Though Sikhism came to be institutionalised much later, yet Nanak started some of the rituals associated with it here as he had matured to work on the details of his religious practices. It is said that Bhai Mardana too died at Kartarpur and that his last rites were also observed there. Musician Bhai Mardana was a lifelong friend devotee of Guru Nanak who excelled in playing the rubab. The religious texts of Nanak, who himself was a great poet, were set to music by Mardana.

It is said that, after his death, his son Bhai Shahzaad too was asked by Nanak to continue with the tradition of singing the religious texts. The descendents of Bhai Mardana were the singers of the Sikhs in and outside the gurdwaras and were considered indispensable to the faith of the Sikhs.

The boundary of the Punjab on the Shakargarh side and also Jammu is amazingly beautiful but that has been lost to the ordinary citizens due to its inaccessibility, the fencing and heavy fortification because of the tension between India and Pakistan. But whenever there is an opportunity, it is a reminder of the beautiful landscape as the hills on the east and north saddle the vast uniform plains of the Punjab, a landscape very different from the rugged hills of the Potohars to the west.

Kartarpur was ravaged by the Ravi many times over so another settlement called Dera Nanak was also set up across the river. It is difficult to tell since the river has kept changing its course but some say that Kartarpur is the same as Dera Nanak while for others it another site across the river.

 

A happy farewell

“We celebrate death — because when someone is born we celebrate with cheers and in the same spirit when someone expires we say adieu to him with cheerfulness,” says Meeta Gul, from the Rumbor valley. The Kalasha people have a unique culture, language, religion and rituals.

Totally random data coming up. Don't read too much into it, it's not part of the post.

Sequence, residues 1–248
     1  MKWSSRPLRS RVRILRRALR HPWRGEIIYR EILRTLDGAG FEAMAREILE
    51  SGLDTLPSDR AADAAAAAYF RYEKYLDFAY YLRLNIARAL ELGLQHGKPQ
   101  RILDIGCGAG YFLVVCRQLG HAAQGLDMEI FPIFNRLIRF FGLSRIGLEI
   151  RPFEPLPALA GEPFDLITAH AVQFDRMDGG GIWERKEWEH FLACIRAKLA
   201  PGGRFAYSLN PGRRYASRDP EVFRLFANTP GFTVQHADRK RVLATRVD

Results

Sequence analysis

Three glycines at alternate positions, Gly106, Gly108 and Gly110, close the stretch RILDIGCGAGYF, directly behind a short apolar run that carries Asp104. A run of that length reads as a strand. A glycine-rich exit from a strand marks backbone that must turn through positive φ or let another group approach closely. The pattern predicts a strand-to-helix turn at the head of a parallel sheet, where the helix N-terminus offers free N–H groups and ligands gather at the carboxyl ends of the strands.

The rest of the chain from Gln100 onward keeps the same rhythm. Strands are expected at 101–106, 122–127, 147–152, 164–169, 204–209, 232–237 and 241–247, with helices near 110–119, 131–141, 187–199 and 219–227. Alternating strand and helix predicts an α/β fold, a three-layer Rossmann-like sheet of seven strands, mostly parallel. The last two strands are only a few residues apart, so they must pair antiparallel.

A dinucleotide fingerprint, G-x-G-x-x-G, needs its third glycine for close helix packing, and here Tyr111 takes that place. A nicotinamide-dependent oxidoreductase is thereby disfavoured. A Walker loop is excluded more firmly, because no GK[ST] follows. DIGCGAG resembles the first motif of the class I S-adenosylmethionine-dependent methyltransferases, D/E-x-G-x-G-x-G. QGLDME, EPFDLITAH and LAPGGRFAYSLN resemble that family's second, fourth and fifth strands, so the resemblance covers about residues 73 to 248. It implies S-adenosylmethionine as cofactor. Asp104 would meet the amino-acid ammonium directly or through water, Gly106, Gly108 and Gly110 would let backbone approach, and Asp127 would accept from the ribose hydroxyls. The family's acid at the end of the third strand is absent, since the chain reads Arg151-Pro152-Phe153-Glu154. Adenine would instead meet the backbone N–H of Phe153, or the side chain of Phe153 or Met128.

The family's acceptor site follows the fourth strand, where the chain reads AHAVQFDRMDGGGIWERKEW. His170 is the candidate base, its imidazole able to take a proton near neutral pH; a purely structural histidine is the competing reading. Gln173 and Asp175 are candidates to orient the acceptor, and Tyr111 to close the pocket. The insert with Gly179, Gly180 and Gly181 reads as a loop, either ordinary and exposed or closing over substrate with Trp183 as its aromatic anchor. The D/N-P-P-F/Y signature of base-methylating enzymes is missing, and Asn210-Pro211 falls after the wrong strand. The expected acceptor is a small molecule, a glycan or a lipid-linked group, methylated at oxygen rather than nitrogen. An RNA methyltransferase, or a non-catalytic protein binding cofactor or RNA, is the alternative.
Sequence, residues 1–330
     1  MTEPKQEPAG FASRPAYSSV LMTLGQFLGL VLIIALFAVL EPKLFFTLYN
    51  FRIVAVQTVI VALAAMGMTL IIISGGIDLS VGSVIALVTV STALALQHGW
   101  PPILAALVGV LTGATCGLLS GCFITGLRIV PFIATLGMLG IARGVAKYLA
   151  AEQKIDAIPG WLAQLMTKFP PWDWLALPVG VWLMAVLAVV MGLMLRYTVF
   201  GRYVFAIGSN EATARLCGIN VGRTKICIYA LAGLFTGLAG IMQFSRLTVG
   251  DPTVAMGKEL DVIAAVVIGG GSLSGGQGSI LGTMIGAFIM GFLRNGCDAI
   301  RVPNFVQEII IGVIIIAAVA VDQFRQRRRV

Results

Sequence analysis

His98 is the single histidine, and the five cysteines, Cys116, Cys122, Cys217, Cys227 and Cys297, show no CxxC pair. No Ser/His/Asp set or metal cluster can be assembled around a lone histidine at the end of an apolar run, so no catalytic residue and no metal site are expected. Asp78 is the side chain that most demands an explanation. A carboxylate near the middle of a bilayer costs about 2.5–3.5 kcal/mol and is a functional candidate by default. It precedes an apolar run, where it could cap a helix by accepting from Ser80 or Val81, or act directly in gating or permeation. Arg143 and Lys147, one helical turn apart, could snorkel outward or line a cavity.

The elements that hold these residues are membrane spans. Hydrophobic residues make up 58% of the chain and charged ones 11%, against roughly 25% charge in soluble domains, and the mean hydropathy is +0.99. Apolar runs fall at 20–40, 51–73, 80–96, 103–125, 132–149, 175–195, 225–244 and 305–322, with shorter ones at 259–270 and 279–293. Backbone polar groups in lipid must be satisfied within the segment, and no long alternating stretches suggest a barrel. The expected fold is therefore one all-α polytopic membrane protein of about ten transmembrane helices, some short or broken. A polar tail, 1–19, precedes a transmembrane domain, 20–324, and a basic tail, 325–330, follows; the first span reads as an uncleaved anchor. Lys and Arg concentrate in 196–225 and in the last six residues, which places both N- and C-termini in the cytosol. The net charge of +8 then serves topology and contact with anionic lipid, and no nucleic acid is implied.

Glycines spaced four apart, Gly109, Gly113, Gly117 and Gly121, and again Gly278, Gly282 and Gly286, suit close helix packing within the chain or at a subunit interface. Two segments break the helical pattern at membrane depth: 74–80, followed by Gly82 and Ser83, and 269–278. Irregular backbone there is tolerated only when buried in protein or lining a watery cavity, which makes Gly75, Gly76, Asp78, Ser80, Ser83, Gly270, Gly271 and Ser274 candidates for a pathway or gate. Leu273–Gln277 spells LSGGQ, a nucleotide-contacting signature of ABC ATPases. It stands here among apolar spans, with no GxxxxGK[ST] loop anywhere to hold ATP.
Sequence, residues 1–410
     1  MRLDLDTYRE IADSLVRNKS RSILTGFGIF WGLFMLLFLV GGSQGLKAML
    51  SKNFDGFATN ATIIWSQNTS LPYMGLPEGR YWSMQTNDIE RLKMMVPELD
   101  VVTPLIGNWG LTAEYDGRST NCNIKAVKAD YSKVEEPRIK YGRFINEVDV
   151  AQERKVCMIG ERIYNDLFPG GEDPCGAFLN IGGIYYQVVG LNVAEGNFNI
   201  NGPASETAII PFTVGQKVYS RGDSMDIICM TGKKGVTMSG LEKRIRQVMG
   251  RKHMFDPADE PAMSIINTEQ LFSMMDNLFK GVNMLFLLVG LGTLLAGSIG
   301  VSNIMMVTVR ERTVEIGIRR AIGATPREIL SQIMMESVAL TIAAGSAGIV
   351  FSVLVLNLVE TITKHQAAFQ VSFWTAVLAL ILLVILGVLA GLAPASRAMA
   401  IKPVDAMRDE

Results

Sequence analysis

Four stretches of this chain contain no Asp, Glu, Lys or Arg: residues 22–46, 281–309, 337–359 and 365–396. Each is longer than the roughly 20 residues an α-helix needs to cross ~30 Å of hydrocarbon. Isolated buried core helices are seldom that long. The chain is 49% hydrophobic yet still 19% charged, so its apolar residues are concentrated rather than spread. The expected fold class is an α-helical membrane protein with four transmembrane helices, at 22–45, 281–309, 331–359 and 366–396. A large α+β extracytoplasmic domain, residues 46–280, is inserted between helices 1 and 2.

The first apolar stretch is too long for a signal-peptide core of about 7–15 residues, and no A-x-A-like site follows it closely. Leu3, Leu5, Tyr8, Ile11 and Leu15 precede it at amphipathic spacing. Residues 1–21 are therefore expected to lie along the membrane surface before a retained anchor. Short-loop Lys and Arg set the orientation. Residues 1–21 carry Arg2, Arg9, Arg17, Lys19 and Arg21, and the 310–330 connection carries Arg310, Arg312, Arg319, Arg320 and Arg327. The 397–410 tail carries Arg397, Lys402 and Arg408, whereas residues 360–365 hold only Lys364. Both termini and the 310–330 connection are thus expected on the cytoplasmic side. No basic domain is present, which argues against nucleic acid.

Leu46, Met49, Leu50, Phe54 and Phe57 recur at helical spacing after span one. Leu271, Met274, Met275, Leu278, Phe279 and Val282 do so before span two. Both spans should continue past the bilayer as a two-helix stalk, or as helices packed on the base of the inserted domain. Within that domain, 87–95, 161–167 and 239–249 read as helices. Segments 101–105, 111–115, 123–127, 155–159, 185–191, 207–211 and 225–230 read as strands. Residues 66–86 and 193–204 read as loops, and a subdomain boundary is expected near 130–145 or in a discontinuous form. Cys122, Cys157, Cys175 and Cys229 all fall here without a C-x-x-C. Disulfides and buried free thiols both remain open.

They believe in the ‘will of the God’ — a leaf falls and is separated from the tree; likewise, a man dies and is separated from his friends and family, he goes to a better place, in the hands of the God, and so deserves a merry farewell.

The deceased is buried only when all the relatives and friends have seen the dead body. All the tribe fellows are informed in the three Kalasha valleys. There is no fixed duration for funeral rites. A rich family may follow the funeral rituals for a few days otherwise the usual three-day funeral rites are observed. In these three days, songs are sung, dance is performed and the tribe fellows pay tribute to the deceased person. “But dance is not performed in case of a female death,” says Shah Jawan, an elder Kalasha spokesman.

Mourners gather and feast for three days. Goat and cow meat, wheat, ghee, cheese and local wine (tara) is served in bulk by the host family. The quantities of commodities used in funeral rites are: Goats 30 to 40, cows 4 to 6, wheat 30 to 40 maunds (one maund is equal to 40 kg), cheese 100 kg, ghee 100 kg and tara more than 200 litres. The price for all this is exorbitant.

“In case of a very poor or destitute family all tribe fellows contribute in death rites,” discloses Sher Alam, a Kalasha teacher from Bumboret valley.

The Kalasha is an agro-pastoral community of Pakistan and depends on flocks, paddock and terraced fields. Each family has its own flocks, trees, land and vines of grapes and common pastures for summer grazing. The backbone of Kalasha economy is their pastures and forests where they live half of their lives with flocks of goats.

But now deforestation is a major threat to their economy and culture. If area for grazing is reduced then definitely their flocks of goats would suffer and as Athanasious Lerounis, a Greek welfare organiser says, “the goats are very important for the Kalasha culture and religion. The Kalasha people sacrifice their goats frequently as rituals of birth, marriage, death, etc.”

The Kalasha is the sole pagan tribe of Pakistan living in three remote valleys of district Chitral — Bumboret, Rumbor and Birir. Once the Kalasha tribe ruled the upper and lower Chitral for centuries and then was defeated by Kho tribes of Chitral. In 1320 AD, the Rais rulers invaded the land, and Bulasing and Raja Wai were the two grand rulers of the dynasty in later ages.

Many historians hold that the Kalasha tribe belonged to the Greeks and are descendants of Alexander the Great. I am not going to deal with history of the people but contemporary sciences like genetic studies and archaeology dispel the Greek descendant myths. Their language, archaeological evidences and genetic studies suggested that the Kalasha people belonged to Indo-Aryan.

The population of the Kalasha people was 200,000 in 1320 A.D in upper and lower Chitral; in 1959 there were 10,000 people; and presently the population is estimated to be 4,000 only.

 

[email protected]

 

 


|Home|Daily Jang|The News|Sales & Advt|Contact Us|


BACK ISSUES